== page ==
‘Misfortune Cookie’ Flaw Discovered in Qualcomm Life Capsule Datacaptor Terminal Server

There is a code weakness found in Qualcomm Life’s Capsule Datacaptor Terminal Server (DTS) that allows an attacker to get administrator privileges and remotely make changes to the code.

The Qualcomm Life Capsule’s DTS is utilized by a lot of U.S. hospitals to network their medical devices. The Datacaptor Terminal Server links infusion pumps, respirators, bedside monitors and other medical equipment to the network. The Datacaptor Terminal Server uses a web management interface which permits it to be operated and set up remotely.

The flaw impacts the Allegro RomPager embedded webserver (versions 4.01 through 4.34) which is a part of all versions of Capsule DTS. The flaw can be exploited by an attacker by sending a particularly designed HTTP cookie to the web management portal, permitting arbitrary data to be written to the devices’ memory, eventually allowing remote code execution. The exploit will necessitate some skill to perform and demands no authentication. When exploited, availability of the device can be impaired, causing disruption to the network connectivity of all medical devices networked via the device.

The weakness, tracked as CVE-2014-9222, is categorised as critical and has been designated a CVSS v3 base score of 9.8 out of 10. Although the flaw in Qualcomm Life’s Capsule DTS has only been identified, it dates back more than four years. This vulnerability is called Misfortune Cookie and it was discovered by Checkpoint researchers in 2014, and by Allegro in 2011. Although Allegro dealt with the flaw in version 4.34 of its firmware, numerous chipset makers did not adopt that version but continued to source software development kits containing the vulnerable version of the firmware.

Elad Luz, Head of Research at CyberMDX shortly identified the weakness to affect the Qualcomm Life Capsule DTS and she informed Qualcomm Life permitting an update to be issued to resolve the flaw before public disclosure. Luz also recently discovered a critical vulnerability in selected BD Alaris Plus medical syringe pumps.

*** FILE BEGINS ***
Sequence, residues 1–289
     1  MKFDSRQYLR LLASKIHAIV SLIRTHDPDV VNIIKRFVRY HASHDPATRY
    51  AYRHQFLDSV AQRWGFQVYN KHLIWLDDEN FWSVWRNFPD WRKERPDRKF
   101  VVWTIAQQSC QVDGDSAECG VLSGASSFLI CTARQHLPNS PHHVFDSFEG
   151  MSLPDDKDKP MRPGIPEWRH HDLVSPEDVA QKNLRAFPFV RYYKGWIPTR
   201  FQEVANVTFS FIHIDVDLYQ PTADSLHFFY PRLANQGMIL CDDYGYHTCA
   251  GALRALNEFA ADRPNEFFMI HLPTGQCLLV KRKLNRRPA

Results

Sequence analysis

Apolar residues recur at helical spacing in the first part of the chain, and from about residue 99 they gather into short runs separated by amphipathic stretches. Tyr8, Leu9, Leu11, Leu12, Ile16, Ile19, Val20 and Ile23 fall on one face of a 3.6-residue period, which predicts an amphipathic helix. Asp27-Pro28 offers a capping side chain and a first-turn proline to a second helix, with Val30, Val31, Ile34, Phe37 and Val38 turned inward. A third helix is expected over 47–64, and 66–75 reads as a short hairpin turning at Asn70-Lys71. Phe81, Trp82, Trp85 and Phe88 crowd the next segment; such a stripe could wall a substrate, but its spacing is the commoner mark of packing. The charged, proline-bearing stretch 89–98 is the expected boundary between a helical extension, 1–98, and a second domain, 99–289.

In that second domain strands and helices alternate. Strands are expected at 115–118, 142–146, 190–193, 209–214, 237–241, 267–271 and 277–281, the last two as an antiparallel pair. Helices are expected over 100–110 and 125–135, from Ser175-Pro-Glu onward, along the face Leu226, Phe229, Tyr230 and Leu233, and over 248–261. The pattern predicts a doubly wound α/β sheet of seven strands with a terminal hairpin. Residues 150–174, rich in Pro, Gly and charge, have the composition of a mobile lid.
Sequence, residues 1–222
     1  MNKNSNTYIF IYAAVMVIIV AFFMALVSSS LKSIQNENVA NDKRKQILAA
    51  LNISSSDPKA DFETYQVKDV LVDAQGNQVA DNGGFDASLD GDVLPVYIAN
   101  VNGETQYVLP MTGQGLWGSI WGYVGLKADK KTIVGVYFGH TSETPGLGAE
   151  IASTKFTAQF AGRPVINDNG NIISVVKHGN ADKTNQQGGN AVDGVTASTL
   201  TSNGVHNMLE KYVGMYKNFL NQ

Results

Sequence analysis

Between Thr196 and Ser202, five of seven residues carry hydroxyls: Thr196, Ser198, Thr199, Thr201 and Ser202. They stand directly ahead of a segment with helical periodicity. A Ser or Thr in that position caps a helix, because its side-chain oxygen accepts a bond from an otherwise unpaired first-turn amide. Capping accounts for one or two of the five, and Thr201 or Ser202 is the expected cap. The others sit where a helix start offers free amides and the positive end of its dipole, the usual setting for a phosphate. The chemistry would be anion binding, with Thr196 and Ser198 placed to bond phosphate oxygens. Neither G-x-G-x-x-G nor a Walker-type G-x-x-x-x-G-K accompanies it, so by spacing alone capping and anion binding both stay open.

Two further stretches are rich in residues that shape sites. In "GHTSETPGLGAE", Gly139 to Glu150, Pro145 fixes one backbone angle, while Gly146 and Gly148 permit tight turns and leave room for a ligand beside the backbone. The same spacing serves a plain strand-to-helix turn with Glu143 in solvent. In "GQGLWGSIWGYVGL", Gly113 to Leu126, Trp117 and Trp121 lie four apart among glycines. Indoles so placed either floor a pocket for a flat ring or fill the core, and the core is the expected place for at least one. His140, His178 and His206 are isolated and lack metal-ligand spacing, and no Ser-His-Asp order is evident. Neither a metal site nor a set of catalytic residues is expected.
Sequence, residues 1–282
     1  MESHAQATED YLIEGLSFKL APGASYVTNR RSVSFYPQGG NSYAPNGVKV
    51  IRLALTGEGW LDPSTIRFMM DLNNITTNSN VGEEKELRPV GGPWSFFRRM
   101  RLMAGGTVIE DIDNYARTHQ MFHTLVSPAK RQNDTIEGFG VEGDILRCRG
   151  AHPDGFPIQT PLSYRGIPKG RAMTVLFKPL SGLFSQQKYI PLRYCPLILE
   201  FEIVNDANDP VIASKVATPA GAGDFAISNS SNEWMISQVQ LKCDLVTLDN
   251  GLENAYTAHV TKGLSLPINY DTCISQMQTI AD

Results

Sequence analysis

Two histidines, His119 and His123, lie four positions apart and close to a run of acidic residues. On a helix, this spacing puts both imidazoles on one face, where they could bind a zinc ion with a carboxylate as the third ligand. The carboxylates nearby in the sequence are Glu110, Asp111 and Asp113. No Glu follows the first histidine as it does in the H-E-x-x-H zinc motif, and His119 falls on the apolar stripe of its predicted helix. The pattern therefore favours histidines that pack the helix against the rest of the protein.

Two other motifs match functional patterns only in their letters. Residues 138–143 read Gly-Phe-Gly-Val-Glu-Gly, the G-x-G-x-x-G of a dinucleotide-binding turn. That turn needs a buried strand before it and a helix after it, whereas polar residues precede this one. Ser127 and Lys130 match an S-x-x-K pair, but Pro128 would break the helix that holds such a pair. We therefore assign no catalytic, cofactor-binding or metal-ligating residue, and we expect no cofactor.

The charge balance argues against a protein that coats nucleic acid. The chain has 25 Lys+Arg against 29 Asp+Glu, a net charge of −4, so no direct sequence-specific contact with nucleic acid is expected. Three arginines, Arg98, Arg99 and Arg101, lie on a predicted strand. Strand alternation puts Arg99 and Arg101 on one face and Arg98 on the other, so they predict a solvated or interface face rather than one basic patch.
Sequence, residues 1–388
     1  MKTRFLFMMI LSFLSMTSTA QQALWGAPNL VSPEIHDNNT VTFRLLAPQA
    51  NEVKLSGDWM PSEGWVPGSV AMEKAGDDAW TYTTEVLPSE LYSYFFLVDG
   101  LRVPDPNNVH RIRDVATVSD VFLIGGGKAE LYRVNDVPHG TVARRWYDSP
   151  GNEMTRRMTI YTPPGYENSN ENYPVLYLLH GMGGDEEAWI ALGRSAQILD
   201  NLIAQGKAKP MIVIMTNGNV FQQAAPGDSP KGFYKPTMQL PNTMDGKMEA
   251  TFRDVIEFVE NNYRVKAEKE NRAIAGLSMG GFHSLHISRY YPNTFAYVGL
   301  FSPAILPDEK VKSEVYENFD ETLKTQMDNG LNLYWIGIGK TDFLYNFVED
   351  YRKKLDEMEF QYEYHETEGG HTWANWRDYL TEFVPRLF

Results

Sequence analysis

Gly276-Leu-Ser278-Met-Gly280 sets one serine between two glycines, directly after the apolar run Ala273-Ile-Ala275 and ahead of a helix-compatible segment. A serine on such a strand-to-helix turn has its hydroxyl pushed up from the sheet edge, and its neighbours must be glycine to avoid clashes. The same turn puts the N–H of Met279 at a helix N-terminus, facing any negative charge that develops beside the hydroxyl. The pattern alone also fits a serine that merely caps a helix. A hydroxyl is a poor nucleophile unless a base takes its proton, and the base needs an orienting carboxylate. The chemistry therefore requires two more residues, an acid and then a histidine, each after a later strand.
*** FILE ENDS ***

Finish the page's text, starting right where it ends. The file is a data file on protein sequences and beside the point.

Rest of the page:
Qualcomm Life released a firmware upgrade for the Single Board version of DTS which could be downloaded from the customer portal of Capsule and employed to the device using standard patching processes. Regrettably, due to technical restrictions, it isn’t possible to use the patch to other versions of DTS such as the Capsule Digi Connect ES, Capsule Digi Connect ES and Dual Board.

To correct the flaw in those versions, Capsule advises deactivating the embedded webserver. Given that the embedded webserver is just necessary for initial configuration, and not for ongoing use of the apparatus, turning off the webserver is not going to negatively affect the performance of the device.

Discovering these flaws shows how vital it is for cybersecurity researchers and medical device suppliers to exercise responsible disclosure and work towards bettering patient safety.

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Christine Garcia is the staff writer on Calculated HIPAA. Christine has several years experience in writing about healthcare sector issues with a focus on the compliance and cybersecurity issues. Christine has developed in-depth knowledge of HIPAA regulations. You can contact Christine at [email protected]. You can follow Christine on Twitter at https://twitter.com/ChrisCalHIPAA